by Chelsea

Well, there really isn’t much to go on for the first Chemistry update of the season.

The one thing that really stood out was the Neal-Richards-Eriksson line. Despite how much Richards is producing, the numbers say it’s Loui Eriksson as MVP for that trio. He’s got 16 chem. points with Neal and 17 with Richards. Richards and Neal together only have 10. My guess is that Loui is getting himself in front of the net for deflections and rebounds off of Neal’s shots (Neal has the first assist for 3/5 of Eriksson’s goals).

For the Morrow-Ribeiro-Benn line, it’s really no surprise to find Morrow and Ribeiro clicking again. They have 14 chem. points, compared to 7 each with Benn. It’s also not surprising to see that Ribeiro has the primary assist for 3/6 of Morrow’s goals. Benn has most of his chem. points through his five secondary assists, all of them on Ribeiro or Morrow goals.

There are only two other numbers that stand out.

One of them is Stephane Robidas’ 6 chem. points with Brad Richards, the most of any defenseman with any other player.

The other is Fabian Brunnstrom and Tom Wandell, who also have 6 chem. points. This is mostly notable because Brunnstrom has the primary assist on Wandell’s only two goals. In fact, each of Brunnstrom’s 4 assists are primary, the best primary-secondary ratio on the team.

The chart (confusing, I know), with chem. totals above 6 highlighted:

Here is a link to the Intro to Chemistry post for anyone that missed it: 🙂

October 25, 2009

Notes and +/-

by Chelsea

For games 10 and 11 for the Dallas Stars, there really wasn’t much to say, hence the lack of actual game review.

Notes (DAL @ LAK):

  • The three game stars, in order: Kopitar, Neal, Handzus
  • The Stars were down 4-1 entering the third, but forced overtime thanks to goals from Benn, Fistric, and Neal.
  • Mark Fistric’s goal was his first NHL goal.
  • Benn has now scored in both games against the Kings.
  • Stars power play continued to struggle, unable to cash in on 4 chances in the first two periods.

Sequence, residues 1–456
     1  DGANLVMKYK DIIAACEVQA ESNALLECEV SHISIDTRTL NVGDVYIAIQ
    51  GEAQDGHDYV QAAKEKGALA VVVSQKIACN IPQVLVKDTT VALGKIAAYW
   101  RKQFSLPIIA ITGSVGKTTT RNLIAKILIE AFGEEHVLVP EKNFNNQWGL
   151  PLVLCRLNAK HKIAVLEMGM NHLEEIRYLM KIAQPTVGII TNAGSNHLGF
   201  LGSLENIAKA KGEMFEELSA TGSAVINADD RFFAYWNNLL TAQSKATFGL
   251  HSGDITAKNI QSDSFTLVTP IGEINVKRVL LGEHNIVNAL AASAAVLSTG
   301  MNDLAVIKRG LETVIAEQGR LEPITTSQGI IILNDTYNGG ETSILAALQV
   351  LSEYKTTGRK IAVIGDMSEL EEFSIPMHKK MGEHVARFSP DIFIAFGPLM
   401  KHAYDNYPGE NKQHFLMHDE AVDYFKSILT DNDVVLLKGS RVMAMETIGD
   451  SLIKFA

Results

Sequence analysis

• Steve Ott lead in hits with 6.
  • The only forward to block a single shot was Loui Eriksson.
  • Conclusion: It was rather nice to get the extra point, but giving the Kings 4 out of the available 4 points in the two games so far this season is not.

SHR +/- (DAL @ LAK):

Stephane Robidas: minus-one for kind of a rough game; -1
Jamie Benn: three for the goal; +3
James Neal: three for each goal; +6
Loui Eriksson: two for each assist; +4
Mark Fistric: three for the goal and one for the celebration; +4
Steve Ott: one for being Steve Ott; +1
Alex Auld: minus-one for kind of a rough game; -1
Mike Ribeiro: minus-one for not being able to win a faceoff; -1
Brad Richards: two for each assist; +4

Notes (DAL @ STL):

  • The three game stars, in order: Turco, Eriksson, Neal
  • Krys Barch, Brian Sutherby, and Steve Ott each had a fight. None of them really won.
  • Ott had the Blues very distracted, drawing 6 minor penalties.
  • The Blues also took 4 roughing and 2 cross checking minors, along with a 10 minute misconduct and a game misconduct.
  • The Stars, meanwhile, took 1 roughing, 1 unsportsmanlike conduct, 1 cross checking and 1 kneeing penalty.
  • Both teams also had a small handful of hooking minors.
  • In all of that, only one power play goal was scored.
  • Jeff Woywitka got his first point with the Stars against his old team. However, he also unintentionally aided the Blues in ruining Turco’s shutout. Oops.
  • Toby Petersen lead the team with 5 shots on goal.
  • Conclusion: It was a messy game and the Stars could have blown out the Blues had it not been for Conklin’s 21 saves in the first two periods. Despite the penalty madness, it was maybe the best three consecutive periods of hockey Dallas has managed all season.

SHR +/- (DAL @ STL):

Brenden Morrow: one determination point for trying to score regardless of where the puck was (like on top of the net) or the play having already been blown dead; +1
Krys Barch: one for the fight but minus-one for losing it; +0
James Neal: three for the goal; +3
Brian Sutherby: three for the goal and one for the fight; +4
Loui Eriksson: three for the goal and two for the assist; +5
Tom Wandell: three for the goal; +3
Steve Ott: two for the assist, one for playing so physically that it completely changed the momentum of the game but minus-one for kneeing Crombeen; +2
Marty Turco: two for no mas Taco; +2
Jeff Woywitka: two for the assist but minus-one for helping score on Turco; +1
Brad Richards: two for each assist; +4
Fabian Brunnstrom: two for the assist and one for earning it by getting run over by St. Louis players; +3